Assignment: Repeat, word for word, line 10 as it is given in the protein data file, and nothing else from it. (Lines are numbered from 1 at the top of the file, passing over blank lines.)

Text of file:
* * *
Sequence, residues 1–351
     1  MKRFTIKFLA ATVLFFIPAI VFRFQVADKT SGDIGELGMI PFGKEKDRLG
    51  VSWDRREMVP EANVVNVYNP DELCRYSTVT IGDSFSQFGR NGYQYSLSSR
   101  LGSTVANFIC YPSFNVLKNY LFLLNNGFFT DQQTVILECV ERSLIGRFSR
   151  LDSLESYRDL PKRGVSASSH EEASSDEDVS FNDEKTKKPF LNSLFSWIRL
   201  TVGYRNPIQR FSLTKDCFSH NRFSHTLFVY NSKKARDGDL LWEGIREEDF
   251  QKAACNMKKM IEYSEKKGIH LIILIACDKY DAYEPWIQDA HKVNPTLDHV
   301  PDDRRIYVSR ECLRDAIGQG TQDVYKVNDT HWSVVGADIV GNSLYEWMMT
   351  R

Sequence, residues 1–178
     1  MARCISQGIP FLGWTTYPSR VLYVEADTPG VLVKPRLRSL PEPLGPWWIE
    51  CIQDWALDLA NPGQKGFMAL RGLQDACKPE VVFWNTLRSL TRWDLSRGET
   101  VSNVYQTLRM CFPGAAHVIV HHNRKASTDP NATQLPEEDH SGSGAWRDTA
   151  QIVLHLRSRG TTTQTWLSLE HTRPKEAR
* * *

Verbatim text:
Sequence, residues 1–178